Sir Robert Chiltern is a successful Government minister, well-off and with a loving wife. All this is threatened when Mrs Cheveley appears in London with damning evidence of a past misdeed.... See full summary »
At 10, Fanny Price, a poor relation, goes to live at Mansfield Park, the estate of her aunt's husband, Sir Thomas. Clever, studious, and a writer with an ironic imagination and fine moral ... See full summary »
Jonny Lee Miller,
Colin's a sad-eyed British artist holed up in a rundown hotel in small-town Vermont after being dumped by his fiancée. The hotel owner plays matchmaker and introduces him to a local girl. ... See full summary »
A beautiful young single mother feels the pressure from the ex-pat Nigerian community to get married. Her precocious son has met his hero, a cynical English comic book writer and decides he... See full summary »
Two young gentlemen living in 1890's England use the same pseudonym ("Ernest") on the sly, which is fine until they both fall in love with women using that name, which leads to a comedy of mistaken identities... Written by
The scenes where Rupert Everett slaps Colin Firth on his rear end and where Everett kisses Firth's cheek were ad libs. Director Oliver Parker thought Firth's stunned reaction was so humorous he decided to leave them in. See more »
When Miss Prism opens Dr. Chasuble's portfolio, the second drawing from the top is partially folded, but when she examines it in the next shot, the drawing is neat and unbent in the stack. See more »
In matters of utmost importance, style, not sincerity, is the vital thing.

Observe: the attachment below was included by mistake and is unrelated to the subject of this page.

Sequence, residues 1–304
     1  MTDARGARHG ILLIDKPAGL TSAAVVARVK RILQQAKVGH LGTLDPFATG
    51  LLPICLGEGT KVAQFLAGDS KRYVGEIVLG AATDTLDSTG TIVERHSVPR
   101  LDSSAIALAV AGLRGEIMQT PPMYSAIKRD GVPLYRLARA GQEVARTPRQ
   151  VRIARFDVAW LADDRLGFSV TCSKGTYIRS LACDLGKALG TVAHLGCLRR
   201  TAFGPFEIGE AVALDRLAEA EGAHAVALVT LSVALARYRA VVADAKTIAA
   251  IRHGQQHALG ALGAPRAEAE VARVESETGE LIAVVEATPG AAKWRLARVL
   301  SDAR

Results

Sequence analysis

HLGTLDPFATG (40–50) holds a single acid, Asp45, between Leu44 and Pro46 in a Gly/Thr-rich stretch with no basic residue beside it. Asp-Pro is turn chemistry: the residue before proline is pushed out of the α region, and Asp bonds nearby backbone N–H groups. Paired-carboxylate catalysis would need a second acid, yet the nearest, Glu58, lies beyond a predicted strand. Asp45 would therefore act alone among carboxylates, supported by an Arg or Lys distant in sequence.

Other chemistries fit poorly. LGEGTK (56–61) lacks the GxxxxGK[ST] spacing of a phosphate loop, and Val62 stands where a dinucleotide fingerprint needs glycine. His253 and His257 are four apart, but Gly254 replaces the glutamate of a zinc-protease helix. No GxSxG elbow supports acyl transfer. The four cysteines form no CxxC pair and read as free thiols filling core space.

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During the credits the main characters attend the funeral of the late departed Bunbury. Rupert Everett and Colin Firth argue while singing "Lady Come Down". See more »
It is a rare treat when you go to the movies expecting not very much but walking away with so much more! After reading the reviews here as well as some professional reviews, I almost decided to pass this one by and what a pity it would have been. Sounds like my unfamiliarity with Wilde's play and the previous version of this movie was to my advantage. After all I could view this movie based on its own merits without any other comparisons getting in the way. What a glorious summer treat and a wonderfully fun vehicle to discover Oscar Wilde's hilarious play and for that matter Wilde in general. Couldn't have asked for a better audience to watch this with here in the South. They were enthusiastic, obviously familiar with Wilde, remained for the credits, and clapped at the end. Can't remember the last time that happened,can you? Again, what a lovely surprise this movie was with absolutely marvelous chemistry between Mr. Firth and Mr. Everett, a sweet supporting cast, not to mention the beautiful production values. After seeing the movie, I almost immediately hunted for the text of the play and read it straight through.
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